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Record-Breaking Modigliani Sale Kicks Off Fall Art Auction Season
Wednesday, November 03, 2010
The pitter patter of expensive footwear and high-end suits returned en masse to Sotheby's on Tuesday night to kick off a fortnight of annual autumn Impressionist, Modern, Post-War and Contemporary art sales. But this year, Tuesday's auction of 61 pieces of Impressionist and Modern art got off with a bang. An undisclosed buyer purchased Amedeo Modigliani's Nu Assis Sur un Divan (La Belle Romaine) for a whopping $68.9 million, almost $30 million more than the painting's estimated worth. It's the most a Modigliani has ever sold at auction, and more than double the artist's previous auction record.
"They're great pictures," said Simon Shaw, the head of Sotheby's Impressionist and Modern collection. "That series of nudes, the centerfolds as they were of their day in 1917. It's been many years since we've seen one at auction. And collectors across the world responded incredibly enthusiastically at one of the last opportunities to acquire such a masterpiece."
Sotheby's also did well with other big names on Tuesday. Claude Monet's Le bassin aux nympheas sold for $24.7 million, Henri Matisse's Danseuse Dans le fauteuil, sol en damier sold for $20.8 million and a second Modigliani, Jeanne Hebuterne, sold for $19.1 million. Sotheby's has a day auction Wednesday and two more Contemporary art auctions planned for November 10th and 11th. Christie's has its Impressionist and Modern auctions Wednesday and Thursday, followed by Contemporary and Post-War art sales on November 10th and 11th.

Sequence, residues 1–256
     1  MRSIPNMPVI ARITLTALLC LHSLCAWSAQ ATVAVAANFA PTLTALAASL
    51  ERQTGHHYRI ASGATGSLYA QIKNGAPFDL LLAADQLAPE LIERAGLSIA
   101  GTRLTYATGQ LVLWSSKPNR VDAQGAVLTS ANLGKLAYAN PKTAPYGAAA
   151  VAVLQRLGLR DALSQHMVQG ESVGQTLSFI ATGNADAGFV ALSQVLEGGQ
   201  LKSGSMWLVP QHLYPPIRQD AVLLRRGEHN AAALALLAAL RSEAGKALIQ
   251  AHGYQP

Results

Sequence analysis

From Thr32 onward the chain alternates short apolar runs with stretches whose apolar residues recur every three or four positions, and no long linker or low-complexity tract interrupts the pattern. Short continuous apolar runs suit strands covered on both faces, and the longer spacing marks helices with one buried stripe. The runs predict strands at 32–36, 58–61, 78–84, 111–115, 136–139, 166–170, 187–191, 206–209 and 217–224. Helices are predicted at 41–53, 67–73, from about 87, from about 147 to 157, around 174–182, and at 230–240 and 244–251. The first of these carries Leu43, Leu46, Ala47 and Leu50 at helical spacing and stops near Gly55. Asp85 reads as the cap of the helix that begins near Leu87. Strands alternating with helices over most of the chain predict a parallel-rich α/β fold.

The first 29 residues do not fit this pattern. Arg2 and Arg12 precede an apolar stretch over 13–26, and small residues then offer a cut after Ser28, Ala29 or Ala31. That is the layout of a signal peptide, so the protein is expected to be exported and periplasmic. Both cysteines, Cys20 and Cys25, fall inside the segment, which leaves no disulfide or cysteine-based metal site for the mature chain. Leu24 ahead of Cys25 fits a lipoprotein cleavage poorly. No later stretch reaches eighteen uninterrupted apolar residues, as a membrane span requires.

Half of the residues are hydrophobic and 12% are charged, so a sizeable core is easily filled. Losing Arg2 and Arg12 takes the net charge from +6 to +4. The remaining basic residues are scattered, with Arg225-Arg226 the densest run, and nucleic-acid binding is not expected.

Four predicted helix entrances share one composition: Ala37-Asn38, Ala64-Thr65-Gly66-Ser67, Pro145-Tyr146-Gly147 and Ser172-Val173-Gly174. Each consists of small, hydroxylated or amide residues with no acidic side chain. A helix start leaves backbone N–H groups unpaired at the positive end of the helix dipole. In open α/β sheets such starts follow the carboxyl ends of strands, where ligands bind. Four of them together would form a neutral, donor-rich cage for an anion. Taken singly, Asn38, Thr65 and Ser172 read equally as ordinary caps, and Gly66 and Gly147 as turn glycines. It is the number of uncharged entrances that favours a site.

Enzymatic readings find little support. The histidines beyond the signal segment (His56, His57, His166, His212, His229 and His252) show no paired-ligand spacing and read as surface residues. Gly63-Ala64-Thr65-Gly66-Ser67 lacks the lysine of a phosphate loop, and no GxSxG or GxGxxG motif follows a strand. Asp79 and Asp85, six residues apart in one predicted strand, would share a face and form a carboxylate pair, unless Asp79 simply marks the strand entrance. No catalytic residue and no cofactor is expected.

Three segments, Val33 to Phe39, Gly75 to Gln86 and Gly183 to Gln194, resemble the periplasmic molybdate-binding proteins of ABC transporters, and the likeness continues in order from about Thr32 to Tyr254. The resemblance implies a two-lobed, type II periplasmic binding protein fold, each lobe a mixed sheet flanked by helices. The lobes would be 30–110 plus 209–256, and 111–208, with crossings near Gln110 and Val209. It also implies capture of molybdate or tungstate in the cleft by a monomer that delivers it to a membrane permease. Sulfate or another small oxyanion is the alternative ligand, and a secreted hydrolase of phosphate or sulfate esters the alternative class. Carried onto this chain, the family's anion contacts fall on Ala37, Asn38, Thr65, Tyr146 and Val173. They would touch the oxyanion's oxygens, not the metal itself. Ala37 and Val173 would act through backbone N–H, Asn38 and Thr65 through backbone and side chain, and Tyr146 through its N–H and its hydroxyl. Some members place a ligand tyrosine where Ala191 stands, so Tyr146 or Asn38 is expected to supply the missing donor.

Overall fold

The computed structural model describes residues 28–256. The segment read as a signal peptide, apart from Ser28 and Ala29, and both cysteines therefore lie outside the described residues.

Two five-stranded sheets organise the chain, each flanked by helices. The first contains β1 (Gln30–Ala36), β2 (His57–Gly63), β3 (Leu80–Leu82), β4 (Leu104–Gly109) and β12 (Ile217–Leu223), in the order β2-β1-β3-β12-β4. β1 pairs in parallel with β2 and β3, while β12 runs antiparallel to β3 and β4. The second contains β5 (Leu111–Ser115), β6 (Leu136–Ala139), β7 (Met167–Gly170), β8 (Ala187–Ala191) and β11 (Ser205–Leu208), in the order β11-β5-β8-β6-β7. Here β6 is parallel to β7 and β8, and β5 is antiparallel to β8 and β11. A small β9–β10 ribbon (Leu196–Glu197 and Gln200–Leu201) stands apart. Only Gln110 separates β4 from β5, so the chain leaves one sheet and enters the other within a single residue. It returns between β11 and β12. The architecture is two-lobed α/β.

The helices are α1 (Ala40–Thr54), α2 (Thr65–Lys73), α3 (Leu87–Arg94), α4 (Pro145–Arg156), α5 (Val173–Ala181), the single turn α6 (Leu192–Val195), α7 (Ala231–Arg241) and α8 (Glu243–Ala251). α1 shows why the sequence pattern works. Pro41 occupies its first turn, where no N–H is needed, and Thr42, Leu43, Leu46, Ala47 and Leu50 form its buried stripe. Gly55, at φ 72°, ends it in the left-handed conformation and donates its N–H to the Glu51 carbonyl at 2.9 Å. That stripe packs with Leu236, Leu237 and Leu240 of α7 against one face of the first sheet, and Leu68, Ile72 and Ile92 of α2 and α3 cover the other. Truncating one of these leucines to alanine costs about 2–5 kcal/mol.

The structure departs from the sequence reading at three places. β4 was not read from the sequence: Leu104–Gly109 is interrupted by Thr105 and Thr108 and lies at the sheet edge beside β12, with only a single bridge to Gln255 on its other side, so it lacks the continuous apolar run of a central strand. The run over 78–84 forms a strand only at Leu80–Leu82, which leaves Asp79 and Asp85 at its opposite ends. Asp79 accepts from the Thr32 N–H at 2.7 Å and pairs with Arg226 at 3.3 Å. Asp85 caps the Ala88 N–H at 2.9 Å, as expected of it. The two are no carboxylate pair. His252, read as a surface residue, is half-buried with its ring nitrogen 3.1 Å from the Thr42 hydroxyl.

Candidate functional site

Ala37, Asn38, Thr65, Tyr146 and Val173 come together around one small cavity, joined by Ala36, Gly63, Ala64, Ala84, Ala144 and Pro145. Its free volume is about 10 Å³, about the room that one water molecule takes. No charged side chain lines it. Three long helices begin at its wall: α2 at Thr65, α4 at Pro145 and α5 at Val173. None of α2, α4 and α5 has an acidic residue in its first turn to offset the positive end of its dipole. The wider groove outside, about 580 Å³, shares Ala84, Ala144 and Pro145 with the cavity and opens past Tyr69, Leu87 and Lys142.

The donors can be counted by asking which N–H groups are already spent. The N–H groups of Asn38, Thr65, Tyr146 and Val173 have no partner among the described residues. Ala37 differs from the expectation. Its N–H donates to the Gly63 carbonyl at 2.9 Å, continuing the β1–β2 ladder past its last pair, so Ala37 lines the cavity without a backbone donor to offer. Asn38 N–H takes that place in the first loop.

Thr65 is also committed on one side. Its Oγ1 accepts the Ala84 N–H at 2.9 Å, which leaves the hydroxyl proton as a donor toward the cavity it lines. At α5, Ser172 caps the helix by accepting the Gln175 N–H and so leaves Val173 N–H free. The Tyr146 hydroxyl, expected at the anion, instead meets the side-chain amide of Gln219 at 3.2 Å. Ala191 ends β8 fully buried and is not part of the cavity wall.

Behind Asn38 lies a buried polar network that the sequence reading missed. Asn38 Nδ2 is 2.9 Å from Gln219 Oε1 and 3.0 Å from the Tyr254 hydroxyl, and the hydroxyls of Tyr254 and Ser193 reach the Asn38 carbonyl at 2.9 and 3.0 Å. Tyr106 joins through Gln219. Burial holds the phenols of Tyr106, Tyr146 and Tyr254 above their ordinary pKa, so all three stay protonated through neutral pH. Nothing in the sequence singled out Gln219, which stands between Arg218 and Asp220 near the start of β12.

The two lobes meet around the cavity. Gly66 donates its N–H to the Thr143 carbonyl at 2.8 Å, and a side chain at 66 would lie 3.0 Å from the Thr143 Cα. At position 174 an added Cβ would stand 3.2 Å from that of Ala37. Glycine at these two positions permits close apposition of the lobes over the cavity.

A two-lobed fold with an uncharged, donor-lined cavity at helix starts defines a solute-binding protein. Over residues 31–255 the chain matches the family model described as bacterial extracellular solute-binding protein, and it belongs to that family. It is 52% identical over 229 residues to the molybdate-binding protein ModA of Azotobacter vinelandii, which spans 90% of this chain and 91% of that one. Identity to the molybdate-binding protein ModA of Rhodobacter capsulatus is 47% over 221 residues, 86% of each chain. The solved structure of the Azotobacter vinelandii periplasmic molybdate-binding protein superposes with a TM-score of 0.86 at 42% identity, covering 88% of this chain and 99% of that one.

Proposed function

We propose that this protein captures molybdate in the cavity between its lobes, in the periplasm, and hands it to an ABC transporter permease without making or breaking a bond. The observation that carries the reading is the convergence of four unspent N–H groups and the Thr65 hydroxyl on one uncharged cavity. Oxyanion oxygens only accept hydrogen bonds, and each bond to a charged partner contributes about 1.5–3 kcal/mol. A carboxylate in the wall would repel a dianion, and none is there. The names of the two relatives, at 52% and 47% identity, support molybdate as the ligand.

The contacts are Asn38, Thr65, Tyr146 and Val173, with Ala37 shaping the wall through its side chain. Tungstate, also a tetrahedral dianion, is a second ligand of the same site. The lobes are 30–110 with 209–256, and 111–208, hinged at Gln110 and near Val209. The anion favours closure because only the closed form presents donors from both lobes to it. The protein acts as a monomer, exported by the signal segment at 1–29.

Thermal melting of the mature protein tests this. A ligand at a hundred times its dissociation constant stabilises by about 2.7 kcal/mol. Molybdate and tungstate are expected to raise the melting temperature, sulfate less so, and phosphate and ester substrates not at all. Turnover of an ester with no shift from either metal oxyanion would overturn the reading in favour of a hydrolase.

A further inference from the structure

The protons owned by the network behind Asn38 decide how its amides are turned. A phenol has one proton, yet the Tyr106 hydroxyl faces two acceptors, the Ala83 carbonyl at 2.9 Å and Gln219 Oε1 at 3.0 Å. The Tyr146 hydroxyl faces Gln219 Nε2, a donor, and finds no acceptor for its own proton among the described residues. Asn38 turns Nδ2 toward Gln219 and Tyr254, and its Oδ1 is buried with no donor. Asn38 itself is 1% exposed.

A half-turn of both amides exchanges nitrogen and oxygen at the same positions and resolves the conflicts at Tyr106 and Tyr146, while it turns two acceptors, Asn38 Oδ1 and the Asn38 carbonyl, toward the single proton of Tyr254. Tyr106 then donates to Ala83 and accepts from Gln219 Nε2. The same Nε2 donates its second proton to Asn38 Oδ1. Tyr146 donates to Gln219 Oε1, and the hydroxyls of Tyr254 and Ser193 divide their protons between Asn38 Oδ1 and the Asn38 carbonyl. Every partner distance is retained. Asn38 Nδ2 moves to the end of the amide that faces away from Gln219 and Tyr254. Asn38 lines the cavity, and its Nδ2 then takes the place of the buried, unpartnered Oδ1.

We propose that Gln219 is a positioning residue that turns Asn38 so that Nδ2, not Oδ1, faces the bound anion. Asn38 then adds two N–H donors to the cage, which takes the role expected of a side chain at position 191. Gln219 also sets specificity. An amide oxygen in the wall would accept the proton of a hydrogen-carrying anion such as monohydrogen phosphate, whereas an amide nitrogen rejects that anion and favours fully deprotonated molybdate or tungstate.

Sales exceeded Sotheby's expectations on Tuesday night, and before the auction, Art + Auction magazine's editor at large Judd Tully said that he didn't think the market has reached the peak it was at in 2007. "I'm not so convinced it is boom times again," he said. "I think there's more confidence in the art market and there's money around. But I don't see people just going completely mad and setting world records exactly."
The head of the Impressionist and Modern Art division at Christie's New York, Conor Jordan, said that "market freshness" is the most valuable commodity for art collectors who are looking to get pieces like Modigliani's Nu Assis Sur un Divan (La Belle Romaine), which has not been available for purchase on the market in recent times.
Jordan added that collectors with money to spend are popping up around the world. "We have seen regions such as the Middle East and Asia enter the fray and start to get actively engaged with collecting," he said. "It's been a scenario that we couldn't have predicted two years ago during the crisis, but we've actually seen the market grow in the past two years."
For most of the country, the hopes of ever bidding millions on a piece of art is a pipe dream, but check out the slide show below for inspiration.